Nakamura-ro, Kyoto

November 25, 2014

Nakamura-ro, inside the gate of the 1350-year-old Yasaka Jinja Shrine, was started as a tea house about 400 years ago and has been a restaurant there since 1824. Hideko, Linda and I had lunch at Nakamura-ro on October 24, 2014.

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Hideko and Linda are entering the restaurant from the front of the shrine.

We sat at the counter with a view of the small garden out back.
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Tea was served and we ordered a bottle of the house sake.
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Our starter plate was Kyoto yuba with salmon roe, spinach and walnuts.
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The Kyoto version of yuba, or bean curd skin, was much more like a custard than the Nikko variety in sheets, which we had enjoyed a few days before. It was a nice base for the condiments on top.

A chef was working in front of us for most of the meal. Here he is cutting shiso leaves to go with the sashimi he has just sliced.
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The sashimi was tai, tuna, shiso, daikon, walnuts, spinach and wasabi.
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The next course was a kettle of mushroom broth with hamo, or conger pike.
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Good earthy flavors.

A long-time specialty of Nakamura-ro is dengaku, grilled tofu with miso paste. Here the chef is putting the miso on top of rectangles of tofu, which have already been lightly grilling over charcoal.
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This was my serving. It was pleasant, but not memorable.

The varied plate included uni pâté, small roasted chestnuts, mackerel sushi, lotus root, and a curl of grilled hamo.
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In the faux kaki, or persimmon, were squid strips.
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Next came a mashed potato ball filled with ground duck. Crab sauce was underneath.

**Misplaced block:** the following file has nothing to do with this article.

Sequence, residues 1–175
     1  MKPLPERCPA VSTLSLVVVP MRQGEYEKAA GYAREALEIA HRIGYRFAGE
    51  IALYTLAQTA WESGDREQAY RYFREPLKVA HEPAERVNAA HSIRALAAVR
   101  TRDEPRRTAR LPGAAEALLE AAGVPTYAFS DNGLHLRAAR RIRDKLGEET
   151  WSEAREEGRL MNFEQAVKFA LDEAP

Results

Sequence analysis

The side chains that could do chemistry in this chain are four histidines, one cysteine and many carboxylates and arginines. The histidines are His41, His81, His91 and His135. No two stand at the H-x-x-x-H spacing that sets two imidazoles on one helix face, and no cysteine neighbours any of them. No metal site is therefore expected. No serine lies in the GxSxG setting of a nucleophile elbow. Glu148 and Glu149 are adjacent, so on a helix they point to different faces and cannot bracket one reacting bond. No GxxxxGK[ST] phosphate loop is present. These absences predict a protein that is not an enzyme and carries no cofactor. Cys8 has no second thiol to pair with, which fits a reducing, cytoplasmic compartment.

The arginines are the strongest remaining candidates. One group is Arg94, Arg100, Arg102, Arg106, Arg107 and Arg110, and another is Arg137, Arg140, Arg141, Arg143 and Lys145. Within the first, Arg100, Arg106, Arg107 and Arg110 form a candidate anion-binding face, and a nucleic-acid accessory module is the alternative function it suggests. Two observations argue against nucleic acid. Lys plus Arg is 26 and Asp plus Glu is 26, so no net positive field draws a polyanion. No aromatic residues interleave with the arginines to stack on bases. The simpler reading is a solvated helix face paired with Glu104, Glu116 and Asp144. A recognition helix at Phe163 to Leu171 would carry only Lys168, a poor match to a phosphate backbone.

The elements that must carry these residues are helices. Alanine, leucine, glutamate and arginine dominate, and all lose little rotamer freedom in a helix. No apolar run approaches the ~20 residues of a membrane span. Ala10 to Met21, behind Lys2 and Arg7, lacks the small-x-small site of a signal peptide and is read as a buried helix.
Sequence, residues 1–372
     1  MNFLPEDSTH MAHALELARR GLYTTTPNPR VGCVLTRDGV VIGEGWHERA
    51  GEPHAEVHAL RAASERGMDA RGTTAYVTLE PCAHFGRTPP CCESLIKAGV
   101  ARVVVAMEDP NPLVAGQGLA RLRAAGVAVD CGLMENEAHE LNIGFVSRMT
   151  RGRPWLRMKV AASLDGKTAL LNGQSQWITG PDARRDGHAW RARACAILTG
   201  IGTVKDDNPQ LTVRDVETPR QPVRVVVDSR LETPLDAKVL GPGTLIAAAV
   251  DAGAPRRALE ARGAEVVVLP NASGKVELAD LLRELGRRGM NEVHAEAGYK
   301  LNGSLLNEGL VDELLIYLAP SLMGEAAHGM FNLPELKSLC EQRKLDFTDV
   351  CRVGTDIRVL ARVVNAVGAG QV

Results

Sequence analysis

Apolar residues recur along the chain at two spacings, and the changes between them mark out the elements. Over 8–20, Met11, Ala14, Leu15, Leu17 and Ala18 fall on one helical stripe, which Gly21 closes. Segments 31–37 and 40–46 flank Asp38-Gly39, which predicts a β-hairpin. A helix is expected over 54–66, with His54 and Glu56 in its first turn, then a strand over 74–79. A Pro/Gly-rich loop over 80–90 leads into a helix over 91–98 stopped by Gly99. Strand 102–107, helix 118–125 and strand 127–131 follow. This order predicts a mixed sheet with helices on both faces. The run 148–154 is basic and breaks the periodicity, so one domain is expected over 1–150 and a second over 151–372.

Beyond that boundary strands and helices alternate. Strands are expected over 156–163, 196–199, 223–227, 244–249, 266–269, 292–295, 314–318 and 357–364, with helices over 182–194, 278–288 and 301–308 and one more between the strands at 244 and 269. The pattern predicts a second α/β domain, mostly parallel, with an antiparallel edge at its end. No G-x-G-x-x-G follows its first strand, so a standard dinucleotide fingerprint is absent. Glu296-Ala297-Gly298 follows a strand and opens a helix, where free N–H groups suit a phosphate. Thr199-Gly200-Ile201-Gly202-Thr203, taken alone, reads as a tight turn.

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Chestnut rice
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Miso soup
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Dessert was kuzu starch with soybean powder.
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Matcha finished things off.
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We enjoyed the lunch. I always like to experience venerable restaurants which still serve traditional cuisine of a city. It fit in with our historical sightseeing of the day.

After lunch we walked in some of the picturesque old streets and alleyways of the area, including this view of the Yasaka Pagoda.
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Then we went on to the Fushimi Inari Shinto Shrine.
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We had started the day with a walk around the lake at the Heien Shrine.
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We also visited, among others, the Tenjuan subtemple at Nanzenji Zen Temple.
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2 Responses to “Nakamura-ro, Kyoto”

  1. TK Says:

    Hi i am planning to go there, Would i have to book? Is there a contact number or something as i have been wanting to go there but it seems information on this place is very limited. Such as open hours etc.

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